Ananuri Fort, dating from the 16th - 18th centuries stands in an important and strategic location.
The Church of the Assumption, built in 1689, has richly decorated façades with the fine relief carvings featuring human, animal and floral images, including a carved north entrance. It also contains the remains of beautiful frescoes, although a vast number of them were whitewashed on the orders of the Russian Emperor in 1779.
Gudauri and beyond
The area around Gudauri is a popular ski resort, most famous for heli-skiing. The road from here onwards got worse and worse, with more potholes than road at one stage, and enough hairpins for Lady Gadiva.
The dramatic surroundings are wild and desolate, but beguilingly beautiful. The autumn colours are very much more advanced here than in Armenia, and glowing yellow birches appear to cling to the sheer rock face.
Many tunnels line this section, all built by German Prisoners of War during WWII. Nearly all of them are currently under restoration. Of course.
A huge grotesque Soviet memorial stands on a prominent outcrop to commemorate 200 years since the signing of the treaty between Russia and Georgia in 1783. It seems so terribly out of place surrounded by all this pristine and majestic natural beauty.
Jvari pass marks the highest point on the Highway, at 2395 metres above sea level. Just a small obelisk marks the spot, although the graves of the German POW are nearby.
The Kazbegi region is rich in minerals, and a sulphur spring near the road side has become quite a tourist attraction. Very close by is an iron rich spring, whose water is said to be very good for you. With a taste that disgusting, it would have to be miraculous!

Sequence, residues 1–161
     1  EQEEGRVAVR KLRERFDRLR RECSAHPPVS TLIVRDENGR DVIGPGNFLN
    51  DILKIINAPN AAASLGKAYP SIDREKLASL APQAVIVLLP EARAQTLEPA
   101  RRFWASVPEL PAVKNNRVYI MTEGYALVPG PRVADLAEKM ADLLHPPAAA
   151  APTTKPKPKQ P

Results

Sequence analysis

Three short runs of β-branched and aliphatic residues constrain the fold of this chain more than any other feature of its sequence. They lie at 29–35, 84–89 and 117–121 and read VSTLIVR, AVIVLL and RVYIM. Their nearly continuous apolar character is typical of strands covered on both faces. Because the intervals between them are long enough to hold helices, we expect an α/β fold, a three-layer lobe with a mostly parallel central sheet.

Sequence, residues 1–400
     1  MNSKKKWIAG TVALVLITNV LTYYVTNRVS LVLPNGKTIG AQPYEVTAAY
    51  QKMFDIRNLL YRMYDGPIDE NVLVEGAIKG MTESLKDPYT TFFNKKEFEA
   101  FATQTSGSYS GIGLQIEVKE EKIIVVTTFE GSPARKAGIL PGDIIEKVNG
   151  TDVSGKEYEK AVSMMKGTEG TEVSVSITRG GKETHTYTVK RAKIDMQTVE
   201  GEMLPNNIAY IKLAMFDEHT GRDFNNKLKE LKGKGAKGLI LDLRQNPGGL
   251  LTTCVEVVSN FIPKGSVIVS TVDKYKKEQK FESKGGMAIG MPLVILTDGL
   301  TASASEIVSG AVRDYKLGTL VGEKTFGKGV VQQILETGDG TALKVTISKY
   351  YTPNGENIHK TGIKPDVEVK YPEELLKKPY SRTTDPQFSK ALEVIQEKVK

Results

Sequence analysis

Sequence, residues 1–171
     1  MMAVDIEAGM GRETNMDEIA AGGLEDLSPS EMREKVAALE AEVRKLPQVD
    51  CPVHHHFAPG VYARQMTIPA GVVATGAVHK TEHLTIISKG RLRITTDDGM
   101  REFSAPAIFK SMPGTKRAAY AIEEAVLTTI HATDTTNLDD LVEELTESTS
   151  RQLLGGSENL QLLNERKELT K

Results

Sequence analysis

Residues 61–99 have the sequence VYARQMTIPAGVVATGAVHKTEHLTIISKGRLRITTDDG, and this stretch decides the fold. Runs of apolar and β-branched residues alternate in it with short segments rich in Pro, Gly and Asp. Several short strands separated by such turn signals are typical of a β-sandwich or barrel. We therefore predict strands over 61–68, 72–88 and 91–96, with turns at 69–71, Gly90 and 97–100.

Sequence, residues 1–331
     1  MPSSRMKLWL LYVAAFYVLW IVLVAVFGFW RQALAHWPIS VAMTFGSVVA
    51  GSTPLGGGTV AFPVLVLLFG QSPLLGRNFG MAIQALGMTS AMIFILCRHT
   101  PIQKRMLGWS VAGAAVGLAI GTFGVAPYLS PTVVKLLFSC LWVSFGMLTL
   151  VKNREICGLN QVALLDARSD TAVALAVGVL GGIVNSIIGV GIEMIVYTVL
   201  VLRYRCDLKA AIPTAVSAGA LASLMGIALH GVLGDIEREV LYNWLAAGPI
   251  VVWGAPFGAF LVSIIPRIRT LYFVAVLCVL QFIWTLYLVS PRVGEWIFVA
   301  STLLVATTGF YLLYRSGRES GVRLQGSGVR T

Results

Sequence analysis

Gergety Trinity Cathedral
Our final destination for today, was the 14th century Gergety Trinity Church, impressively situated against the background of the majestic snow-covered Mount Kazbegi. To reach the mountaintop is a 2-3 hour trek or 30 minutes by Jeep. We chose the latter, as it was raining, cold and getting late. Plus we saw how steep is was.
We are jolly glad we did, as the track (if you can call it that – I have seen smoother dried-up river beds) is extremely steep. The so-called crash barriers amused me – yellow plastic tape with the words POLICE LINE DO NOT CROSS written on it. I have absolutely no desire to cross it; although I don't think it would do much good if I was so inclined.
It is also a stunning drive, with a sheer drop one side, overlooking the village; and the whole hillside covered in bright yellow trees. At one stage we were driving through a yellow 'tunnel of trees' with leaving trailing down like snow flakes. Salomeh likened it to the road to heaven, and I hope she's right.
At the top the Gergeti Trinity Cathedral greeted us with driving rain (I can't believe we left Tbilisi in sweltering sunshine this morning, and here I was cold in a fleece and rain coat!) and a sign stating NO PHOTO. Our hearts sank. You mean we'd travelled all this way for two-and-a-half bone-rattling hours for this? Our spirits were lifted when we entered and found a baptism taking place – we felt very honoured to be part of such a special event. An extremely frisky dog had us all giggling like school girls as we left. No female was safe from its advances.
The sun decided to make an appearance when we got back down to the 'lowlands' and the car, making for a beautiful drive back to Gudauri for dinner and overnight in a ski lodge. They cheekily charge (and quite expensive too!), for the wifi, so you are lucky to be reading this!